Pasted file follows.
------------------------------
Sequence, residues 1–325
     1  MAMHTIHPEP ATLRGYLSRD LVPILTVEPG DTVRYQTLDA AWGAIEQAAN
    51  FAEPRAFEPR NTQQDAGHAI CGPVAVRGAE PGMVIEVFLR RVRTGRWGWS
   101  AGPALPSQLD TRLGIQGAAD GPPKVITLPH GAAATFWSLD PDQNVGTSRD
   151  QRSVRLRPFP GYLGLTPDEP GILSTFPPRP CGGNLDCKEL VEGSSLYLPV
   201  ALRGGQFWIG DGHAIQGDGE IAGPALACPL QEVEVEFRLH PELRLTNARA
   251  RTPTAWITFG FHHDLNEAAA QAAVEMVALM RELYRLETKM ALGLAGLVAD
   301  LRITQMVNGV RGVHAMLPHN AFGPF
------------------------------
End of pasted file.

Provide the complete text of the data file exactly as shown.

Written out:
Sequence, residues 1–325
     1  MAMHTIHPEP ATLRGYLSRD LVPILTVEPG DTVRYQTLDA AWGAIEQAAN
    51  FAEPRAFEPR NTQQDAGHAI CGPVAVRGAE PGMVIEVFLR RVRTGRWGWS
   101  AGPALPSQLD TRLGIQGAAD GPPKVITLPH GAAATFWSLD PDQNVGTSRD
   151  QRSVRLRPFP GYLGLTPDEP GILSTFPPRP CGGNLDCKEL VEGSSLYLPV
   201  ALRGGQFWIG DGHAIQGDGE IAGPALACPL QEVEVEFRLH PELRLTNARA
   251  RTPTAWITFG FHHDLNEAAA QAAVEMVALM RELYRLETKM ALGLAGLVAD
   301  LRITQMVNGV RGVHAMLPHN AFGPF